Here are two examples where these period rings play a crucial rôle. They represent the point of view of a spectator. It is to be hoped that some of the actual players --- many of whom have enriched MO --- will chime in with their favourite examples.

$B_{dR}$.

Cuspidal eigenforms $f$ (of some level and weight) give rise to galoisian representations $\rho_{f,p}:\mathrm{Gal}(\overline{\mathbf{Q}}|\mathbf{Q})\to\mathrm{GL}_2(\overline{\mathbf{Q}}_p)$

for each prime $p$ (Shimura, Deligne, Serre). Such representations are called *modular*.

They are unramified away from finitely many primes (those which divide the level) and, *crucially*, derahmian (=$B_{dR}$-admissible) at $p$.

It is natural to ask : Which galoisian representations $\rho:\mathrm{Gal}(\overline{\mathbf{Q}}|\mathbf{Q})\to\mathrm{GL}_2(\overline{\mathbf{Q}}_p)$ arise from some cuspidal eigenform ?

Fontaine and Mazur conjectured that the necessary conditions for modularity enumerated above (along with other obvious ones) are also sufficient. This is now almost a theorem (Kisin-Emerton); see the recent Bourbaki talk by Laurent Berger.

$B_{cris}$.

Abelian varieties $A$ of dimension $g$ over a finite extension $K$ of $\mathbf{Q}_l$ give rise to galoisian representations

$\rho_{A,p}:\mathrm{Gal}(\overline{K}|K)\to\mathrm{GL}_{2g}(\mathbf{Q}_p)$

coming from the galoisian action on the $p$-power torsion points of $A$ (Weil, Tate). Does $\rho_{A,p}$ tell us whether $A$ has good reduction or not ?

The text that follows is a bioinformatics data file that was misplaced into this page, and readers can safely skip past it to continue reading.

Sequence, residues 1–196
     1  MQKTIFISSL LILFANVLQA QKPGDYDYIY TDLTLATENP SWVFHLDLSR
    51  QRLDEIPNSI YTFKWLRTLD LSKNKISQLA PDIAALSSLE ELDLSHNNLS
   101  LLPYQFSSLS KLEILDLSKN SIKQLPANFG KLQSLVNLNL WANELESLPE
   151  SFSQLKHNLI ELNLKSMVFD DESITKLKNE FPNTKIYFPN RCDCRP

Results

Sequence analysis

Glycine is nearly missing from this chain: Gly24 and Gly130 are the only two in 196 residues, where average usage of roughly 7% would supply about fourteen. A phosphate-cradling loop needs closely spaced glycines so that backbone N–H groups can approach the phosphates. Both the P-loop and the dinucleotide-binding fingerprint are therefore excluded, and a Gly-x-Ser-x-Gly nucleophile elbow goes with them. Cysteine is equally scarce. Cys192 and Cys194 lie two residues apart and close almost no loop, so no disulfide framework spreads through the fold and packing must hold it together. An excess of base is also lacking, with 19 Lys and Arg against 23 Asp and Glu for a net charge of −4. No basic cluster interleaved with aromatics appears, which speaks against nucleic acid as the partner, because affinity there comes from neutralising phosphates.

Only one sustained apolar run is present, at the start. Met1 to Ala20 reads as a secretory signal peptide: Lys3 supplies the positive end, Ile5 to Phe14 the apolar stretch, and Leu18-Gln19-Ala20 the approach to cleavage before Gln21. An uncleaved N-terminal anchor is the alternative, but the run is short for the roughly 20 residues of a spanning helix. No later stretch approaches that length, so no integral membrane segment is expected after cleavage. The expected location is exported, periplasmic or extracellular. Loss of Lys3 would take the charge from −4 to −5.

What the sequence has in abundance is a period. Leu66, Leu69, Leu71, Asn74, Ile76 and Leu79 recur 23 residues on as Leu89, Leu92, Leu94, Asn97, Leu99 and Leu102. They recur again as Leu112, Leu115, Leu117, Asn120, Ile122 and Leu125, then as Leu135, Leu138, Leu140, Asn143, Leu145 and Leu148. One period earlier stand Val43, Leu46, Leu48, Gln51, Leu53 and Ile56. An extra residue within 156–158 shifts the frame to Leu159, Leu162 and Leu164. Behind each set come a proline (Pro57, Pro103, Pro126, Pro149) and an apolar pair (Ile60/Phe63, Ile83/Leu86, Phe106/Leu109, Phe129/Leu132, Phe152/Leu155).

The Néron-Ogg-Shafarevich theorem says that if $l\neq p$, then $A$ has good reduction if and only if the representation $\rho_{A,p}$ is unramified (see the Serre-Tate paper in the Annals).

What happens if $l=p$ ? Fontaine proved in this case that if $A$ has good reduction, then the representation $\rho_{A,p}$ is *crystalline* ($=B_{cris}$-admissible). Conversely, Coleman and Iovita have proved that if $\rho_{A,p}$ is crystalline, then $A$ has good reduction.

These are of course only two of the many things for which $B_{dR}$ (resp. $B_{cris}$) are essential.

**Addendum** An expert (who wants to remain anonymous) has pointed out to me that another proof of the implication "$\rho_{A,p}$ is crystalline $\Longrightarrow$ $A$ has good reduction" (in the case $l=p$) can now be given by combining an old result

(i) (Grothendieck, SGA7) If $\rho_{A,p}$ comes from a $p$-divisible group, then $A$ has good reduction,

with a conjecture of Fontaine as proved by

(ii) (Breuil, Annals 2000 for $p\neq2$, Kisin, Durham symposium 2007 for $p=2$) If $\rho_{A,p}$ is crystalline, then it comes from a $p$-divisible group.